The Slider, especially, is suited to our national temperament and accommodates our multitasking lifestyle. It’s easily held in one hand while the other hand performs a variety of tasks. Be it holding a brew, tapping a screen, or guiding your steering wheel through traffic, The Slider understands the American temperment.
Rachel Ray, our own Slider Queen Miss USA, and her battalion of food marketing gurus must agree. About this time every year, and then again in Superbowl season, Sliders pelt us like BB’s. Why not? When properly executed, they’re delish.
My new obsession are Lamb Sliders – been fine-tuning the following recipe through the summer. For mass appeal, I cut the gaminess of lamb by mixing with a bit of beef. The sweetness of the beetroot relish is the perfect foil for the garlicky, dill creaminess of the yogurt sauce. At first try I was messing up a pan by sautéing the onions and beets. No need. Grated raw beets soaked into the vinegar are a lovely texture.
A word about the bread. Back in the day I turned my nose up to Hawaiian rolls, those pillow-puff sweet buns. I’d choose a crusty artisan bun or roll everytime. But the Hawaiian rolls are quite wonderful as a slider encasement. Save the artisan for everything else. My soon-to be daughter in law, Lucy Carnaghi, recently opened a diner – Rose’s Find Foods – with her cousin Molly in Detroit. All of their breads are scratch made, including the soft, subtly sweet, mashed potato dough bread. I’d like to see them, or some scratch-made similar, available in my local groceries.
I’ve fallen off the blogging grid. Not from lack of cooking – grilling/entertaining season is at its peak – but from taking the time for studious recipe notation and accompanying photographs. For instance, the Feta-stuffed Lamb Burgers with Tzadziki and Beet Relish I made last week were masterful. But the photograph I dashed off looked more like a UFO landing than a burger.
Edamame Cups with Wasabi Caviar
I did, however, manage to take a decent photograph of crostini with a black-eyed pea spread.
Always on the prowl for (reasonably) “healthyish” munchies, I’ve long been a fan of economical bean dips. Edamame dip spreads, stuffed into a cucumber cup or spread over rice crackers, Dal Makhani (Black Lentil Bean Dip) served with chapatis or flatbread, Fava Bean Spreads on bruschetta… (Since writing that blog, I’ve noticed frozen lava beans at Trader Joe’s; not as flavorful as fresh, but they save a good bit of time.) And of course there’s hummus. What’s not to love about hummus? Especially when it’s scratch-made, using fresh squeezed lemons, tahini, chick peas and garlic.
Coarsely smashing black-eyed peas to a spreadable consistency.
It’s hard to describe the flavor of a black-eyed pea. Maybe akin to a pinto bean? The meaty peas certainly have an affinity to bacon. They haven’t ventured far from the American South until recently; now I see them often, dotting a relish, in savory fried cakes, or as a simple side. The following recipe was inspired by a recipe I make for Hop ‘n John. Several months ago a friend made a black-eyed pea dip, as prelude to dinner, which she served warm. It was so good with the melted Jack cheese; I’ll beg that recipe soon.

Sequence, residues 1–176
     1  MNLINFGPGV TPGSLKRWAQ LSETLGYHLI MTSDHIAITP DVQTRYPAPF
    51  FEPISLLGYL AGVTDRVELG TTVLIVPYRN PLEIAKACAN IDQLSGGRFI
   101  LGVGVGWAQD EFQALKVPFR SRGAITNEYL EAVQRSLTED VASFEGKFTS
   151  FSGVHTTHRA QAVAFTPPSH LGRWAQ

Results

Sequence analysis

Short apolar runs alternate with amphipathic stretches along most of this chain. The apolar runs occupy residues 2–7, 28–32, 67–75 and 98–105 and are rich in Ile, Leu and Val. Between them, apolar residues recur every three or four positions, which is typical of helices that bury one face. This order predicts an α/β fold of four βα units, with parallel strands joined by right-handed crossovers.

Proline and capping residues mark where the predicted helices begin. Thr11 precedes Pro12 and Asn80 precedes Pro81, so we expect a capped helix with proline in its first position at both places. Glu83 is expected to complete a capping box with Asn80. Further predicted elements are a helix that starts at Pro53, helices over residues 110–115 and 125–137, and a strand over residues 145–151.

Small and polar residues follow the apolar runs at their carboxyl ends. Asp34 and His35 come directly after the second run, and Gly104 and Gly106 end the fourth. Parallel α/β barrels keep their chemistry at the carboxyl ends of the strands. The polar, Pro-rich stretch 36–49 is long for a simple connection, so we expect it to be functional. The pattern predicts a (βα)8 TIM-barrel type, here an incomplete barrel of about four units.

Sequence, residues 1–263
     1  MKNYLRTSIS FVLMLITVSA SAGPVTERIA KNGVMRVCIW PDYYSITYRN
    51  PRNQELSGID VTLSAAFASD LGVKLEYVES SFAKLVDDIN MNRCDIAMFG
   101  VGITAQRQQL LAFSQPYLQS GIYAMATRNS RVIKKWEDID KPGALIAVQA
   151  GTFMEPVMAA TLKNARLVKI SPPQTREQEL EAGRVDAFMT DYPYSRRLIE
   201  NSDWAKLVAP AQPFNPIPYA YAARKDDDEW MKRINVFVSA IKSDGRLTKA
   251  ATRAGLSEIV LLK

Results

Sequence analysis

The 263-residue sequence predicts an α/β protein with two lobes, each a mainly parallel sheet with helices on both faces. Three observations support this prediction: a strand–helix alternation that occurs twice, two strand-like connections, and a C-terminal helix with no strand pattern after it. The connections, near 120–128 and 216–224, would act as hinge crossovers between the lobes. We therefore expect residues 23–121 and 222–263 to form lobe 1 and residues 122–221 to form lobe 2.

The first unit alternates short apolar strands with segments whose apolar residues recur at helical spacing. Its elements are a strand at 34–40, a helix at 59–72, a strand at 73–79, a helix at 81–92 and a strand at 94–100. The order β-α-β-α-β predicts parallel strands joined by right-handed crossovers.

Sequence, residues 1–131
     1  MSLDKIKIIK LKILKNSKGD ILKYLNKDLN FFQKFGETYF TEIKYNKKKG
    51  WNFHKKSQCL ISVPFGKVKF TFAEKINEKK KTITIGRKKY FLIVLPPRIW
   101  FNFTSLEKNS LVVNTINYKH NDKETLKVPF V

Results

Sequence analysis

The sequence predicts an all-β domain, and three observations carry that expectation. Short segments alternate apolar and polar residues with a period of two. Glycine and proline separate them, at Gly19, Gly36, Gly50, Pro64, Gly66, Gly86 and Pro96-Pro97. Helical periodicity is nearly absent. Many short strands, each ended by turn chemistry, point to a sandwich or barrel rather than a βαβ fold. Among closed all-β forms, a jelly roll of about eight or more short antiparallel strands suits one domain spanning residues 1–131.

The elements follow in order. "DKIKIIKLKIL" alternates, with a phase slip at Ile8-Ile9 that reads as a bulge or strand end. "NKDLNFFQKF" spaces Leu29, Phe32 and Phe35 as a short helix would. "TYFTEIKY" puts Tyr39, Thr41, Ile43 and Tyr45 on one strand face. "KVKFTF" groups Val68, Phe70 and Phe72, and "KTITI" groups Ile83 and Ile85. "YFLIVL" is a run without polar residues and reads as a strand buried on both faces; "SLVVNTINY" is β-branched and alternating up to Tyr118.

I served the following recipe spread over basic crostini, which can be made well in advance. I followed the recipe, seasoning the crostini with thyme. The dip’s best served slightly warm, or at room temperature.
It’s that time of the year and I don’t mean fireworks; I’m talking the explosive media grilling blitz. An hour doesn’t pass without some TV personality, electronic feed, or magazine headline firing off their ultimate recipe for “whatever” on the grill.
Recipe overload, no doubt. Why not? Grilling on the Fourth of July is as traditional to the American landscape as enjoying a hot dog at a Tiger’s game. So allow me to stoke the flames by tossing my favorite recipes into the pit. I’ve made everyone of them with great success in season’s past.
Beginning with Grilled Firecracker Shrimp. I like this peel-as-you-eat recipe because the eaters do the shelling; I just make the Asian dipping sauce. Not that I’m totally lazy; large shrimp taste better, and are more moist with a better texture, when grilled in the shell.
Smoked Texas Brisket with Grilled Poblanos and Onions
Here’s an idea for tote cuisine, if you’re bringing the main course to a picnic, or other outdoor celebration. If fact, I did this last week. I purchased boneless, skin-on chicken breasts and thighs from Whole Foods (pre-oredered) using the marinade in this Balsamic Chicken recipe, marinated the chicken 8 hours, then carted the chicken, ready for the grill, in resealable Zip-lock bags. The chicken cooks quickly without the bone. Stay vigilant moving the chicken from possible dripping fat flare-ups; I believe it’s worth the effort as the skin keeps the chicken moist and flavorful on the grill.
Food writer by trade, curious cook by design.
The past 30 years have witnessed a raucous race from my professional to
home kitchen - persnickety customers, petulant children and piles of dirty dishes
lie in my wake. And the dinnerFeeds - well - they
are my story. More about Peggy and this site...
Taste buds prickle; wanderlust triggered. An Argentine barbecue (asado)
enticed me to Patagonia. A friend gave me a vial of ground sumac berries--4 months later I was
waking at dawn to the "Call To Prayer" in Turkey. Porcini to Tuscany, and so on. Read more about my chronicles of
trips and favorite associated recipes. Browse my travel recipes...
Here are ideas gleaned from others that speak to me;
where I highlight projects that bring friends, neighborhoods, and communities together. For me,
complimentary food makes the project and event more fun. Browse my projects and related recipes...